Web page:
Musashino Place: The ideal library

Posted on May 27, 2015 by Toothpicker There have been 0 comments

musashino place

 

While I was in Tokyo, I met up with the Japanese architect/ director behind a brand that we will be launching soon. I mentioned to him that I would be visiting the Edo-Tokyo open air architectural museum, and he recommended a visit to the nearby Musashino Place in Musashino City.

Designed by kw + hg architect and opened in 2011, Musashino Place functions primarily as a public library, whilst providing spaces for children/youth activities, educational workshops, meetings and civic events. The building is located within a small park near the Musashi-Sakai station, and it stands out from afar due to its cool white exterior and massive oval-shaped windows.

 

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As soon as I stepped into the building, I was immediately struck by the clean lines and spaciousness. The mix of natural light source with soft interior lighting works harmoniously. This is one of the most minimal and yet striking libraries that I have ever visited. It showcases the essence of Japanese aesthetics and design principles brilliantly. It is simple, subtle, open, calm and well balanced. In many ways, this contemporary library is not so indifferent from a traditional Japanese zen temple.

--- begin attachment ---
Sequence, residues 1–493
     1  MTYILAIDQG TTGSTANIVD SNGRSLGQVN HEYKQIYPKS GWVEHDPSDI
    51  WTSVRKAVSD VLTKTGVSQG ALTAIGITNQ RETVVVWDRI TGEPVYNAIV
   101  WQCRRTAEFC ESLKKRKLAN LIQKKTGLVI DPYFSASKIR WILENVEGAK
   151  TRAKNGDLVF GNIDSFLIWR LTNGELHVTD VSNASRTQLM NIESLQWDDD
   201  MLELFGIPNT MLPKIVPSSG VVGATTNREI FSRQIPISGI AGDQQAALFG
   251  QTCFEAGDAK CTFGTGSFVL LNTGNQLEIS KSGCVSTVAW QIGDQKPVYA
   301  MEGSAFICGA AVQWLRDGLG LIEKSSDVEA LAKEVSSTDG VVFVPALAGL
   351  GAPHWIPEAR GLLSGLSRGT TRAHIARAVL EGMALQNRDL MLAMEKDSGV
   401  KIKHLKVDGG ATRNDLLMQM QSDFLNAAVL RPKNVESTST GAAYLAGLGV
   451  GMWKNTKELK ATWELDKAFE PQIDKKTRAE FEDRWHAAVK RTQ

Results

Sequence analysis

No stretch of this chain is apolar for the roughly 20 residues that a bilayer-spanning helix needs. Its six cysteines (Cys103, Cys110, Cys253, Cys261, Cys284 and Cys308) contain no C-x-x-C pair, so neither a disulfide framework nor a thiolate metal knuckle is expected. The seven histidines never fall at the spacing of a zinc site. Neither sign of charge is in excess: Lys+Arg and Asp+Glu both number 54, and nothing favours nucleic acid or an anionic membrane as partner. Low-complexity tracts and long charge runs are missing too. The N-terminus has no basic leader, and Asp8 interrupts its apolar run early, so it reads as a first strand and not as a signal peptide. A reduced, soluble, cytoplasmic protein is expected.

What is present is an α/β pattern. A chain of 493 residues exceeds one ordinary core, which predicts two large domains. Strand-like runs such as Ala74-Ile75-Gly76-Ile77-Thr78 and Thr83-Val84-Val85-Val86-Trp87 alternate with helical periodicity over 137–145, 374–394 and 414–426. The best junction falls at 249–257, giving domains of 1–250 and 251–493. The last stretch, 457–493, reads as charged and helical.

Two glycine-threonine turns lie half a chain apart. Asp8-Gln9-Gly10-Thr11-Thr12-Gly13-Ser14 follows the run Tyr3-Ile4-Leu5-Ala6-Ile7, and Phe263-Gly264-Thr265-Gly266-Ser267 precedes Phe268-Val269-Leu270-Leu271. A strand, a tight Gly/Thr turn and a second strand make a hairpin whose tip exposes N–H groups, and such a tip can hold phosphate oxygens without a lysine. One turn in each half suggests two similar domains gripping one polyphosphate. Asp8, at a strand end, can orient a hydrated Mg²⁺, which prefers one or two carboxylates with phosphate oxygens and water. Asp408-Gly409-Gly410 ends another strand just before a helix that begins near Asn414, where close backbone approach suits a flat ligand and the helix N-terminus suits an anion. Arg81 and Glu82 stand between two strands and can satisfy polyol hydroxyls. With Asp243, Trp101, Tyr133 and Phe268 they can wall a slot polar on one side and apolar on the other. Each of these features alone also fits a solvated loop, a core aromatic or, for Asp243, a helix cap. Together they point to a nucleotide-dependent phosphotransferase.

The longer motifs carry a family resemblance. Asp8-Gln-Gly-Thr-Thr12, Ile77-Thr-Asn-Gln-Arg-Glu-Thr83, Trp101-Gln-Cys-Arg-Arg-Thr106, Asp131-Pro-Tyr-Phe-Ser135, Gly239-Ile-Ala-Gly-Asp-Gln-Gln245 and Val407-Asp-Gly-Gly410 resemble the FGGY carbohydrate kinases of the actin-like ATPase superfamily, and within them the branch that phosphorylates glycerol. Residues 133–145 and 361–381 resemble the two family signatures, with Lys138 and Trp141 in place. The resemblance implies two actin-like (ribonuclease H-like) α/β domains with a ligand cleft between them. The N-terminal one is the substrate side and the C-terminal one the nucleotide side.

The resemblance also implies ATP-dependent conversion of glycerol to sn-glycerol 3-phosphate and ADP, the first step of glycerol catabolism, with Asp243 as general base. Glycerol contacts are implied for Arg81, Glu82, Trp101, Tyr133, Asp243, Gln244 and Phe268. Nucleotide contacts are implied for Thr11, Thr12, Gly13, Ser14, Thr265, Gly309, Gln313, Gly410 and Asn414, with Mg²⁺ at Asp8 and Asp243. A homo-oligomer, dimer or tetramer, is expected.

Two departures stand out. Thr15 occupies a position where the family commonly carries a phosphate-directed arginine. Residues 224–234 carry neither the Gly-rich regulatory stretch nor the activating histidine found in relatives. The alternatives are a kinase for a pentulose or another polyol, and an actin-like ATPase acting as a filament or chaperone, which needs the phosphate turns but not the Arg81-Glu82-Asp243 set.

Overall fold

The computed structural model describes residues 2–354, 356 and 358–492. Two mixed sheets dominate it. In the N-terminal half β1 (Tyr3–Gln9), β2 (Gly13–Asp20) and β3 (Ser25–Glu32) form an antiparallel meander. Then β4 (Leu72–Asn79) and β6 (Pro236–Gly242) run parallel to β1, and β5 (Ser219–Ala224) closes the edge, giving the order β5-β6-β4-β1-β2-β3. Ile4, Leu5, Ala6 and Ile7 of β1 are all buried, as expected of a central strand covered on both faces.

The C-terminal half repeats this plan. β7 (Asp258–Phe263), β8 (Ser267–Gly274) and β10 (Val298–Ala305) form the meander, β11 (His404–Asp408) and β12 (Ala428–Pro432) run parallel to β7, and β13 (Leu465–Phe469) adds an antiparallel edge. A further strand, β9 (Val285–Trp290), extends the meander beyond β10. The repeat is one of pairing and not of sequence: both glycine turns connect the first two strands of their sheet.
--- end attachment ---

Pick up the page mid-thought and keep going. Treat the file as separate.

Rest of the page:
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One of the most fascinating aspects of this building is that it appears to be a three storey building from the exterior, yet in fact, it has four floors and three basement including an underground car park! Aside from a library collection of 140,000 books and 600 periodicals, there are 400 reading seats, a cafe on the ground floor, as well as soundproof recording studio in the basement.

 

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When I was visiting the library, I saw groups of mothers and their young kids sitting and playing outside in the park. While inside, I saw a few elderly men taking naps on the reading chairs (why not?), students doing research and friends chatting and relaxing in the cafe.

Musashino Place not only serves as an educational facility, it also encourages social interactions for people of all ages and backgrounds. In an ideal world, all libraries should be like this... if all local councils in the UK would invest and improve their library facilities and services for youths, I am sure that literacy rates would improve and crime rates would also be reduced.

The residents of Musashino City are a lucky bunch!

 


This post was posted in Japanese design, Tokyo, Architecture, Travel, Anything Japanese, Read & write, Design, Contemporary and was tagged with Tokyo, contemporary architecture, library, Musashino Place, Japanese architecture

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